To be a conservative, says Yale polymath David Gelernter, is to “give due credit to the ideas that created the civilization we live within.” A simple and beautiful summary. In a new podcast episode of Great Mind with Michael Medved, Dr. Gelernter talks with our host Mr. Medved about the shocking irresponsibility in the failure to introduce young people to the Read More ›
Dr. Meyer directs the Center for Science & Culture and is a chief proponent of the theory of intelligent design. He described some of the expected highlights of 2019. Those include books by Michael Behe, Michael Keas, and the Discovery Institute Insiders Tour of Israel with Meyer, joined by Michael Medved, George Gilder, and Titus Kennedy.
People look to the government to prevent future financial crises and too many trust that politicians and economic experts can create policies to protect us and our 401(k) plans. We shouldn’t rely on them. These experts are smart, mostly well-intentioned people but they can’t prevent the next crisis. No one can. Why is that? And why is a future crisis Read More ›
Life After Google author George Gilder explains the role of creativity in capitalism as he shares economic insight on Life, Liberty & Levin. Learning, he says, is the heart of capitalism. Whereas capitalism is about creativity, socialism is about planning and rests on the assumption that we already know everything we need to know in order to plan our future.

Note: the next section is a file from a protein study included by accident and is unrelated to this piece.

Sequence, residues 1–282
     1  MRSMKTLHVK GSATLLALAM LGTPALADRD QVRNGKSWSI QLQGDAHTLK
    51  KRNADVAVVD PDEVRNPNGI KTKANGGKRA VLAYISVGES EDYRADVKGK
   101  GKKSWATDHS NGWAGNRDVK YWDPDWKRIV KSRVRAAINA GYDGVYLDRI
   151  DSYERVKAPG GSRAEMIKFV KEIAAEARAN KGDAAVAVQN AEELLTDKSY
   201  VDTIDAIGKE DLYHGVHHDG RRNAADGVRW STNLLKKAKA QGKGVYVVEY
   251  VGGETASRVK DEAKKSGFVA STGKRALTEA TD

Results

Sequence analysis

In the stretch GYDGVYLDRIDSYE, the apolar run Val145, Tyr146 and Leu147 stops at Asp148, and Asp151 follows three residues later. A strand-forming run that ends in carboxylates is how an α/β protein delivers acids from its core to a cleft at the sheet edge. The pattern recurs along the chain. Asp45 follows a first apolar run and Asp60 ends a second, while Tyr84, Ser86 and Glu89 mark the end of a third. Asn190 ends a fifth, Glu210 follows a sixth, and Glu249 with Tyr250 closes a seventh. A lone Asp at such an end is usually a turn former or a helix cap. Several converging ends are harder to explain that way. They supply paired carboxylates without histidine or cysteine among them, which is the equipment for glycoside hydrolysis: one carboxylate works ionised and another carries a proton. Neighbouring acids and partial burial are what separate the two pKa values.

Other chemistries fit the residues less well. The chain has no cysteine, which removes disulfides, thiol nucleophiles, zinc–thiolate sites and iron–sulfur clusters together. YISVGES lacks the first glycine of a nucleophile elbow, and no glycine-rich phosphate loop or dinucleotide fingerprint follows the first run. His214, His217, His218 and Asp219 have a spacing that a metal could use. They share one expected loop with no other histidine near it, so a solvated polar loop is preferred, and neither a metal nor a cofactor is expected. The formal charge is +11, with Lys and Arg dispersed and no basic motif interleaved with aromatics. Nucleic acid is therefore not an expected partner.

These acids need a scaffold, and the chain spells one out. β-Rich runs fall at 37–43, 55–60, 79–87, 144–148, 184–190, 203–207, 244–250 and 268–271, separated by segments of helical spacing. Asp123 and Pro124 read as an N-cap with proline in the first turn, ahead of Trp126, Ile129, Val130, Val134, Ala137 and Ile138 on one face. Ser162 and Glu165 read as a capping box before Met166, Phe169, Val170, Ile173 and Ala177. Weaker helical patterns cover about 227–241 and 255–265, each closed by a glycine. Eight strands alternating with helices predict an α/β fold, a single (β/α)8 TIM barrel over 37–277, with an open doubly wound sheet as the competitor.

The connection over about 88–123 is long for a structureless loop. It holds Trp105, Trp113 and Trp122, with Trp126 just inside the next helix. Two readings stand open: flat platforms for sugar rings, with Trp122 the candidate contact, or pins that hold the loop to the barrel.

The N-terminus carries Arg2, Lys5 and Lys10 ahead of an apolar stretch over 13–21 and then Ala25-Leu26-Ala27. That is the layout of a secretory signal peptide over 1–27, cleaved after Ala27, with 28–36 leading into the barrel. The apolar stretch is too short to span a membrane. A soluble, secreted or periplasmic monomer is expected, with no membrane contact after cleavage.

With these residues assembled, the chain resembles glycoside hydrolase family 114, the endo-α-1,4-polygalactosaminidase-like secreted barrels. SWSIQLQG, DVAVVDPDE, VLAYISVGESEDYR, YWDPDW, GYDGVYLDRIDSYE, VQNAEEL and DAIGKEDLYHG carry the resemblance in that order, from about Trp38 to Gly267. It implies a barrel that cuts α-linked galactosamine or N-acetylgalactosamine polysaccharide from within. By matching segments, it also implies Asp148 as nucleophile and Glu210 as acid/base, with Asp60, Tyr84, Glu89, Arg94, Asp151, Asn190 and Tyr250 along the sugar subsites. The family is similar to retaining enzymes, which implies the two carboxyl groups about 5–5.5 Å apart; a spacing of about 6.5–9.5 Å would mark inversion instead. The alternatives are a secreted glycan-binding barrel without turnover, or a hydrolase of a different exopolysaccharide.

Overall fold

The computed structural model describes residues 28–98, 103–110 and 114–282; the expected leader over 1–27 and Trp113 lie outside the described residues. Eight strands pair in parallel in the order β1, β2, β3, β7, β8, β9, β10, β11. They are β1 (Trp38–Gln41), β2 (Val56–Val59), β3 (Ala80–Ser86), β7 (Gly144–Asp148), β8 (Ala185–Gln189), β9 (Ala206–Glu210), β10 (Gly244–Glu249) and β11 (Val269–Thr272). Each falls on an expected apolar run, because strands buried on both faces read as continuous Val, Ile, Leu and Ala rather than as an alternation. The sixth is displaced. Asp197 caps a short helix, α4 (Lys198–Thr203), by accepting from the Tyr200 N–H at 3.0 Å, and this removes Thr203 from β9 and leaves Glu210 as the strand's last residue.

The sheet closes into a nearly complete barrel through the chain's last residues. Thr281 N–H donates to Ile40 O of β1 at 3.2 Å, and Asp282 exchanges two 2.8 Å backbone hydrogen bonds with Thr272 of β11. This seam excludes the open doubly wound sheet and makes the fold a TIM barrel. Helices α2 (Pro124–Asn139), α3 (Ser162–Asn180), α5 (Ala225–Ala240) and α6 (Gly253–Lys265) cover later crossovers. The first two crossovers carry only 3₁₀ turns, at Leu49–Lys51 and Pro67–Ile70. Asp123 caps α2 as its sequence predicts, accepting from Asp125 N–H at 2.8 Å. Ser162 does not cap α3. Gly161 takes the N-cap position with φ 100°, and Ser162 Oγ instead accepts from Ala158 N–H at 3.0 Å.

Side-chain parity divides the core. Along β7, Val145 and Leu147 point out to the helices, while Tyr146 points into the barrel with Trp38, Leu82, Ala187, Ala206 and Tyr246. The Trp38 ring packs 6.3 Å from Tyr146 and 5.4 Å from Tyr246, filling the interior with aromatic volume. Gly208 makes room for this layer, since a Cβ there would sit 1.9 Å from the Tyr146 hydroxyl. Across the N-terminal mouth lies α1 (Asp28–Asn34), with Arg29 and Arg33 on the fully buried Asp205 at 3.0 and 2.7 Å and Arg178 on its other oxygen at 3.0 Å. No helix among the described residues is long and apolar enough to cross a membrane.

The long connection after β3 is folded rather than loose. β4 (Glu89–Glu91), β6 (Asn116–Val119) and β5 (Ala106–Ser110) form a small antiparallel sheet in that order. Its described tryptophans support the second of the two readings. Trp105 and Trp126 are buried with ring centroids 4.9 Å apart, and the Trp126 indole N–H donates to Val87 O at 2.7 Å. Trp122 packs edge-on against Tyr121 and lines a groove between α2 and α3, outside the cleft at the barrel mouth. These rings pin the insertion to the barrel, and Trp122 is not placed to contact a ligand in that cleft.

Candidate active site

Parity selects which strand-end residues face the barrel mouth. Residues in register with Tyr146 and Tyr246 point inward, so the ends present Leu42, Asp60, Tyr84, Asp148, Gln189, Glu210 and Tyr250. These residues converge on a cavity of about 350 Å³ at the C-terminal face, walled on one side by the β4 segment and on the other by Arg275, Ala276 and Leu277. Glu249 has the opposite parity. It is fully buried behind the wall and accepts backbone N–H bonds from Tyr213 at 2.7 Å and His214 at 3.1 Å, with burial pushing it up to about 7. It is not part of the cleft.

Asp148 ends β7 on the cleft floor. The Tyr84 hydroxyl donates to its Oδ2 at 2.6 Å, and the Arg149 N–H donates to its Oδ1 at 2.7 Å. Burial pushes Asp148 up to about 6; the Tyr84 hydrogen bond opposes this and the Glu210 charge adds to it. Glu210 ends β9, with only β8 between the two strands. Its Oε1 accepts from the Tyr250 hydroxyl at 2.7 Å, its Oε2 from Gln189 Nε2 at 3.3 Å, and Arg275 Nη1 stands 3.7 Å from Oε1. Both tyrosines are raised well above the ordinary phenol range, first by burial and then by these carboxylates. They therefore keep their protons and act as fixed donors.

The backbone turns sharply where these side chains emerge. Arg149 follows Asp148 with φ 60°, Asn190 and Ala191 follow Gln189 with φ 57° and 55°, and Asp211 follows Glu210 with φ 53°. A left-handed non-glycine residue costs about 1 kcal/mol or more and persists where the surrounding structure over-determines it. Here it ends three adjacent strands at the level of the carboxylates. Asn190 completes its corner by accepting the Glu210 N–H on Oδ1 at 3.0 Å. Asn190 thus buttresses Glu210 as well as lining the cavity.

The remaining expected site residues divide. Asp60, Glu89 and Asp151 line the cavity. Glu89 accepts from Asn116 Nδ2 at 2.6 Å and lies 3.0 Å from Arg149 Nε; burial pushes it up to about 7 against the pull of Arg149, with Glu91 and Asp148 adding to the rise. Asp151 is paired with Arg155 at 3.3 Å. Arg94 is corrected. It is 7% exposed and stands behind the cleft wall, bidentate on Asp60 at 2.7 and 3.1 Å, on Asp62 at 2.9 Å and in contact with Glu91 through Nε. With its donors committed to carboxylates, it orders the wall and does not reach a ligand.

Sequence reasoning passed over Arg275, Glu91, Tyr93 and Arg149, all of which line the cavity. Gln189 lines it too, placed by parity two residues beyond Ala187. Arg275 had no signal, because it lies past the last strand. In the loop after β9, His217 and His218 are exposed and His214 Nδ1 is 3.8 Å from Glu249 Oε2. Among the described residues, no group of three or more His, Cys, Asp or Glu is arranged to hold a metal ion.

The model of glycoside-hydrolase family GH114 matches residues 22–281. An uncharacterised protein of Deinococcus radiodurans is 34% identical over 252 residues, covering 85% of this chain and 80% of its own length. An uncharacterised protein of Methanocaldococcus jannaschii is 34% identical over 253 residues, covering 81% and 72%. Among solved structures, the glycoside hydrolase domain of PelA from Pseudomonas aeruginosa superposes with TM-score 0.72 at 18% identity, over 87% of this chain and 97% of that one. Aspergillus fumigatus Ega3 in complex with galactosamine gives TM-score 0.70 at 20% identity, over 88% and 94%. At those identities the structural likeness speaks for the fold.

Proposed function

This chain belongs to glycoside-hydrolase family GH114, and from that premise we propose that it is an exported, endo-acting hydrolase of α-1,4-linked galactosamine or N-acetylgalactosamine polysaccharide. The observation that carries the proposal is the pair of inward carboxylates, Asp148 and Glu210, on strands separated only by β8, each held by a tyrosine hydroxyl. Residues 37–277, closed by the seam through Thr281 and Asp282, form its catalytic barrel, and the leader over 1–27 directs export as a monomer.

Biology reveals evidence of design, Dr. Stephen Meyer explains in this conversation with Michael Medved, but it can’t take us very far in identifying the source of that design. Proponents of intelligent design have been clear about that. For an idea about who or what the designer might be, you need to turn to other scientific fields — physics and cosmology Read More ›
George Gilder recently sat down with Peter Robinson of the Hoover Institution on his online series Uncommon Knowledge. Gilder discusses his new book Life After Google, where he argues that bitcoin and blockchain are destined to surpass cloud computing, ushering in a new era of technology. Gilder also parses over a history of technology and artificial intelligence, quelling fears about machines taking all of Read More ›
Adolf Hitler is long dead. Nevertheless, his name is still uttered endlessly every day as a rhetorical smear. By drawing usually dubious connections to Hitler and the Holocaust, partisans charge their opponents with guilt by association. This unfortunate cultural twitch has even been canonized as Godwin’s Law or reductio ad Hitlerum. At the top of the list, Hitler’s supposed Catholicism is often used as a smear against Christianity. But was Hitler a Christian? When you get down to the bottom of it, what’s the truth? Was Hitler in any meaningful sense a “Christian”? The author of Hitler’s Religion, Richard Weikart knows more about the answer to this question than just about anyone. Read More ›
Dr. David Berlinski notes some very frank realities about the scientific world and the scientists who make it up today. Learn more about David Berlinski at www.davidberlinski.org and www.devilsdelusion.com.
Praising science as way to implicitly, or explicitly, club religion over the head is a familiar feature of our culture. It’s not new, either. Mike Keas examines the phenomenon in a forthcoming book, out in November, Unbelievable: Seven Myths About the History and Future of Science and Religion. Rob Crowther chatted with Dr. Keas, a Discovery Institute Senior Fellow, at Read More ›